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View Diary: Iowa: who the hell knows? (401 comments)

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  •  his point should be and I think is (0+ / 0-)

    that Iowa has too much power, not that Iowan's are worse than anyone else.

    Obama: what was improbable has the chance to beat what Washington said was inevitable.

    by nevadadem on Fri Dec 28, 2007 at 04:38:27 PM PST

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    •  But he never really offers a real alternative (1+ / 0-)
      Recommended by:

      does he?

      and kind of national primary first would be incredibly expensive and things would end the next day. Same with picking a big state that was more diverse like California.

      The system is rigged - John Edwards

      by okamichan13 on Fri Dec 28, 2007 at 04:43:13 PM PST

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      •  I've offered alternatives (3+ / 0-)
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        Asak, Phil S 33, smitha007

        but I know, it's easier to pull things out of your ass than do basic Google research.

        As if the choices are 1) Iowa/NH, 2) national primary, and 3) California.


        •  Such a calm response (1+ / 0-)
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          Pam from Calif

          and you wonder why things aren't that civil around here?

          since you're here, lay it out for us.

          The system is rigged - John Edwards

          by okamichan13 on Fri Dec 28, 2007 at 05:03:41 PM PST

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          •  here it is (0+ / 0-)

            Divide the nation into 5 distinct areas: West, Midwest, Mid-Atlantic, New England, South.  

            2 randomly selected states from each area would hold their primary on January 15th. That's 10 states on the first primary date.

            another 2 randomly from each area (10 states) would hold their primary on Febuary 15th.

            another 10 states on March 15th.

            another 10 states on April 15th

            and since 40 states have already voted, the final 10 states get to vote on May 15th.

            It's regionally fair and it's also more likely to be representative of Americans than a purely random process that doesn't divide up the country into areas.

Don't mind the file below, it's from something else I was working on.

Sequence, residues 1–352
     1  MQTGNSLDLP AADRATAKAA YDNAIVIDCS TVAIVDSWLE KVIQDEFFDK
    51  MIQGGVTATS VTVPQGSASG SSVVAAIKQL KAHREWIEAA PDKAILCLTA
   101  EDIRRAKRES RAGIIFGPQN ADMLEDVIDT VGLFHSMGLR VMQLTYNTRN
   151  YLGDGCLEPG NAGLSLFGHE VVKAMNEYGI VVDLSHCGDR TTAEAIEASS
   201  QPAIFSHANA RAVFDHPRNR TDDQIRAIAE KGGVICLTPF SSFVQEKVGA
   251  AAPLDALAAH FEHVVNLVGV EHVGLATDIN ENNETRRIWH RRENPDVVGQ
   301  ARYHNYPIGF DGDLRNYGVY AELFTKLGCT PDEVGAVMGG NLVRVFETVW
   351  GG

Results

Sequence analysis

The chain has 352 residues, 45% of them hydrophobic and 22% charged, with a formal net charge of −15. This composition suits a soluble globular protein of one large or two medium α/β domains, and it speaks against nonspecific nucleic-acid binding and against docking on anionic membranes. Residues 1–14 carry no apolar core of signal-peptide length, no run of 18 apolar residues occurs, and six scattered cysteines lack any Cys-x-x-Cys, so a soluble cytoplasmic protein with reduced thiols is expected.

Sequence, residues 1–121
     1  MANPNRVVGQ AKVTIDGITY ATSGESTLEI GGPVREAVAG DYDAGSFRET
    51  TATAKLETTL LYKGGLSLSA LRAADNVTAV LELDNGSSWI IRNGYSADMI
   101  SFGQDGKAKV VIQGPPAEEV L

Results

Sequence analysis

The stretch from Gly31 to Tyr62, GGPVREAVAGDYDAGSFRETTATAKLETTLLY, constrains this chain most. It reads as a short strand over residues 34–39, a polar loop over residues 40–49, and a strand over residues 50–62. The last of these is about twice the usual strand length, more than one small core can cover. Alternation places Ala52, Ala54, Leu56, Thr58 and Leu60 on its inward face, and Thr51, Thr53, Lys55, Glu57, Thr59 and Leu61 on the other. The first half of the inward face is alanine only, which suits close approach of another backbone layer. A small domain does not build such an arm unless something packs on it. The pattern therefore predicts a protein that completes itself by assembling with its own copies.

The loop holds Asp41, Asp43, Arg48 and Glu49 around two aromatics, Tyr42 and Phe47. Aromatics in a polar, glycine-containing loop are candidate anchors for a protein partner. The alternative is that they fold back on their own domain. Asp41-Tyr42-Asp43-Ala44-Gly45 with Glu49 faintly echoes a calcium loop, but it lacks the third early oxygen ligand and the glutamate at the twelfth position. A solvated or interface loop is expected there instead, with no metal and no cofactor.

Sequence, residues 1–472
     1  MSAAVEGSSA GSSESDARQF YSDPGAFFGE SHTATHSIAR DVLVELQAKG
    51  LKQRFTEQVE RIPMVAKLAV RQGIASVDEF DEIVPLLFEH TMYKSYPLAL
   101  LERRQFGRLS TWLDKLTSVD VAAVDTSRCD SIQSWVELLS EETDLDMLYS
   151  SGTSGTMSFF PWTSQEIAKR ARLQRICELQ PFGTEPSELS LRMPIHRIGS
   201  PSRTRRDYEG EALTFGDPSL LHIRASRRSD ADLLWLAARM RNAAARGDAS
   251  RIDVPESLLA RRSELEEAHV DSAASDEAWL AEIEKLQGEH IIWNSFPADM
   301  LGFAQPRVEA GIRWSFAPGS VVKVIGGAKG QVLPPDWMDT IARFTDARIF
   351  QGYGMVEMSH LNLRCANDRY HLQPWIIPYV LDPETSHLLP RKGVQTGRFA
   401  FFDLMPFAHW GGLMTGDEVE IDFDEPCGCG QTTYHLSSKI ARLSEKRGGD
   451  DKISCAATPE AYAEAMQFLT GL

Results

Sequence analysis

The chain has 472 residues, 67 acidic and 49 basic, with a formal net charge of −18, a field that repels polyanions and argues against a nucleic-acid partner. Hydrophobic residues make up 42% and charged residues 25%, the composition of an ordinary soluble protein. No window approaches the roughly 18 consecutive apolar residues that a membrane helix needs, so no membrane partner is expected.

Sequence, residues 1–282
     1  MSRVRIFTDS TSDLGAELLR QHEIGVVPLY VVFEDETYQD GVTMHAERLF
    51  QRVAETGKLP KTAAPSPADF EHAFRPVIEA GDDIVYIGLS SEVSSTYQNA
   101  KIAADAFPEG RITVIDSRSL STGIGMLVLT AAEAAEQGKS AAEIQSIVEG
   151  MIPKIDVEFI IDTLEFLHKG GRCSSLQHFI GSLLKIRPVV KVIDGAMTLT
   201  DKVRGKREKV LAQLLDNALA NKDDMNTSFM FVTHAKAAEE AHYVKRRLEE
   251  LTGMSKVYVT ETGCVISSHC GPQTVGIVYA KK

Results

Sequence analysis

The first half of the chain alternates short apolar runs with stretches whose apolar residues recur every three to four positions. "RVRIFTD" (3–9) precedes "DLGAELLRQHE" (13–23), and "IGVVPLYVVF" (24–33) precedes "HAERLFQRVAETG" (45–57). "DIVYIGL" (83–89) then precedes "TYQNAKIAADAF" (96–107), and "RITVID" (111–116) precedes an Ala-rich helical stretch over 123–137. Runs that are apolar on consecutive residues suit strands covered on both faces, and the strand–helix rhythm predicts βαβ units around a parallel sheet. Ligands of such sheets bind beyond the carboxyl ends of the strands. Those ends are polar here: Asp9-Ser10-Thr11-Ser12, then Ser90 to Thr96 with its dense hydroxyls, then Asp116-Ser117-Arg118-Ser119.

"The American People are not the problem in this country; they are the answer." --Barack Obama

            by ChicagoStudent on Sat Dec 29, 2007 at 01:00:26 AM PST

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      •  National primary (1+ / 0-)
        Recommended by:

        with a mandatory spending cap that is publicly financed.  Or a regional rotating primary.

    •  It just bugs me... (3+ / 0-)
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      underwhelm, dotster, IADave

      That people always trash Iowa democrats -- implying that if Iowa democrats were from a larger state with a more diverse population we wouldn't stick the party with the so-called "wrong choice." Face it, many democratic activists blamed Iowa for giving the party John Kerry in 2004 instead of their beloved Howard Dean. Many democrats felt that if the first contest was in a more "enlightened" state Dean would of won the nomination. But thats just a flawed theory that unfairly blameed Iowans and slandered them for being narrow-minded and conservative. Face it... Barack Obama wouldn't even have a chance right now to be President if it wasn't for the so-called "undiverse" Iowa Democrats. If the first contest was New York or California Hillary Clinton would be walking away with the nomination right now according to the polls. Iowa at least gives two others a shot...

      •  Well (8+ / 0-)

        Iowa Democrats won't consider anyone who doesn't pander to them on ethanol.

        Really, it's their parochial interests above all else. A more nationally focused primary would force candidates to run on, well, national issues.

        •  not true (6+ / 0-)